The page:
Traveling south, Give Kids the World Village, a development in Orlando, Florida, is a 70-acre universally accessible, non-profit destination for children with life-threatening illnesses.  Here families share laughter and joy, while enjoying life-lasting memories.  Splashpads meet the needs of all developmental levels and center around inclusive play.  Both case studies demonstrate the range of applications in which Splashpads can be advantageous to their users. So, what is the next wave in Splashpad development?  Perhaps, informal play aligns with Splashpads and redefines the way both elements are experienced.  Informal play allows children to create and manage themselves, embedding an emphasis on cooperation, fun, and independence (Gray 2009). Pop-up Play Shop located in Cardiff, Wales, UK converts vacant storefronts into inclusive play spaces for all ages.  This action has created clusters of shared activity and acts as a hub for an exchange of ideas.  The shop features an open space where everyone can converge and engage in play with safe, recycled materials. The users and staff shape the space.

Pop-up Play Shop, Credit: Pop-up Play Shop

Similarly, Pop-up Playground in Buffalo, New York, “empowers kids to use real tools and real materials to create a “play ground” of their very own” (Kuebler 2012).  A group of about twenty kids and fifteen adults played on a Saturday in June, reimagining the uses of tubes, tires, pipes, and wood.  Together they developed a teeter-totter from sewer pipes and wood.  In addition, they communicated through a thirty-foot long tube.  The kids were challenged, yet they stepped up and learned a thing or two about creativity, teamwork, and communication. Just envision how informal play could change the dynamics and complexion of Splashpads.  Complementary to the Pop-up Play Shop, Splashpads could fulfill the need of underappreciated space such as parking lots.  A Splashpad Play Street could use water, tarps, buckets, tires, and tubing to develop a temporary, informal play setting.  Today, only one in five children in the United States lives within a half mile of a park or playground (Center for Disease Control and Prevention).  Informal play could improve the access to play and, in essence, amend the play deficit issue.  After all, play leads to smarter, happier, and healthier children and families.  “If play is not made a priority, we will continue to see a decrease in creativity and imagination, as well as vital skills including curiosity, social skills, resiliency, and the ability to assess risk (Golinkoff 2006).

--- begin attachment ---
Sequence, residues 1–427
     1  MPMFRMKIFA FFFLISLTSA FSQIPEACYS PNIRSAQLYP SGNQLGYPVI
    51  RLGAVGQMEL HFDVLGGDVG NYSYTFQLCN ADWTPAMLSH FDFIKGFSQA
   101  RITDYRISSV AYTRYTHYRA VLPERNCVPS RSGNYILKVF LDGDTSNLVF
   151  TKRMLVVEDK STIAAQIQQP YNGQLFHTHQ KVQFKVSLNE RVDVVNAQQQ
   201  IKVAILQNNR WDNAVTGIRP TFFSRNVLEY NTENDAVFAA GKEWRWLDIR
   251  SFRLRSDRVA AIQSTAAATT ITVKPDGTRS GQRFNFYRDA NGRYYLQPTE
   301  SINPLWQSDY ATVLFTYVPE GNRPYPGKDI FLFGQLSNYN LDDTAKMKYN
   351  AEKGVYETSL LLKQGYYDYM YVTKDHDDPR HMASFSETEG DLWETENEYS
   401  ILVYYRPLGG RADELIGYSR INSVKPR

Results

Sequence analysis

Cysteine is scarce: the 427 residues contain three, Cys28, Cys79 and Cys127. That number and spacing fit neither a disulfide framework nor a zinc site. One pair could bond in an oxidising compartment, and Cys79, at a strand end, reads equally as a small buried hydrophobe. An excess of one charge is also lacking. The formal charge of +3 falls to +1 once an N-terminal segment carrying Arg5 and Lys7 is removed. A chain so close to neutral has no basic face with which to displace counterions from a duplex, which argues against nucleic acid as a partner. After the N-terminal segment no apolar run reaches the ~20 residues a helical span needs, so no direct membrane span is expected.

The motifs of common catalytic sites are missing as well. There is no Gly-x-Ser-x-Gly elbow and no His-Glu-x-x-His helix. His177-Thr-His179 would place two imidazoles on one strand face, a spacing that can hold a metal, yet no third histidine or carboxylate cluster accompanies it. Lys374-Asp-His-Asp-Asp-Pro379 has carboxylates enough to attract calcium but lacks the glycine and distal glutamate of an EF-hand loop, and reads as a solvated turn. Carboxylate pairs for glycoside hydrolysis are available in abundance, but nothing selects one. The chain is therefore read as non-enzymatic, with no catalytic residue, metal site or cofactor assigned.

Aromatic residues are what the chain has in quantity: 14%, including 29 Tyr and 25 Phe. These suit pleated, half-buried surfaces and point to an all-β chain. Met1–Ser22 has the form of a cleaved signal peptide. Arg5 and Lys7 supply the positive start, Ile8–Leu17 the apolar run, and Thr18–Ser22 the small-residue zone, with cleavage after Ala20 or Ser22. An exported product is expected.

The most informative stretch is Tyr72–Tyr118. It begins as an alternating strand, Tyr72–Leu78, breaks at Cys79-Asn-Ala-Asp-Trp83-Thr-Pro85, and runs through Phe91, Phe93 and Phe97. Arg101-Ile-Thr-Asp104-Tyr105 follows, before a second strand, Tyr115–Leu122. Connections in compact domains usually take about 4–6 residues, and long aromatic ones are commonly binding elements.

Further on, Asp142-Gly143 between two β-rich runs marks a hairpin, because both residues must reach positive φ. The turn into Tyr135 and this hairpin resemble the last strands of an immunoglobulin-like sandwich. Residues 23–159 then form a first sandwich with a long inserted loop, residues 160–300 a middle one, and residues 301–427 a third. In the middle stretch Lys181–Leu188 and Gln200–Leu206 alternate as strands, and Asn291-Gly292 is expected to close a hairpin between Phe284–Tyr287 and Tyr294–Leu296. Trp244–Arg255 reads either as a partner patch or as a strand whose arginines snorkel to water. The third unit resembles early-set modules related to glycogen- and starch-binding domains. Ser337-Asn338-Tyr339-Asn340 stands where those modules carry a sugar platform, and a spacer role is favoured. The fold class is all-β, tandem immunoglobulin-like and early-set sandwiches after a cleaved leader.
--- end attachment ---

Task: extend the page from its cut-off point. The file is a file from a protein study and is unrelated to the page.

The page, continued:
Give Kids the World Village Splashpad , Credit: Vortex

Consider the children without immediate access to play.  The implementation of Splashpads and informal play would be a logical starting point to remedy the play deficit issue.  Both amenities would strengthen the overall experience, support a healthy lifestyle and a strong, well-connected community, promote safe, sustainable play ecosystems, and yield affordable life-cycle costs. With decreasing budgets, cities and towns are prompted to become more creative with less.  Perhaps informal play in context with an established Splashpad or a Pop-up Splashpad park located in an underutilized public space can remedy the issue of play deserts. A special thanks to Randall Soutter and Patricia Rotschild at Vortex— all of your guidance throughout the development and writing process is much appreciated. Article written by Brett Lezon 

This article was originally submitted to Landscape Architects Network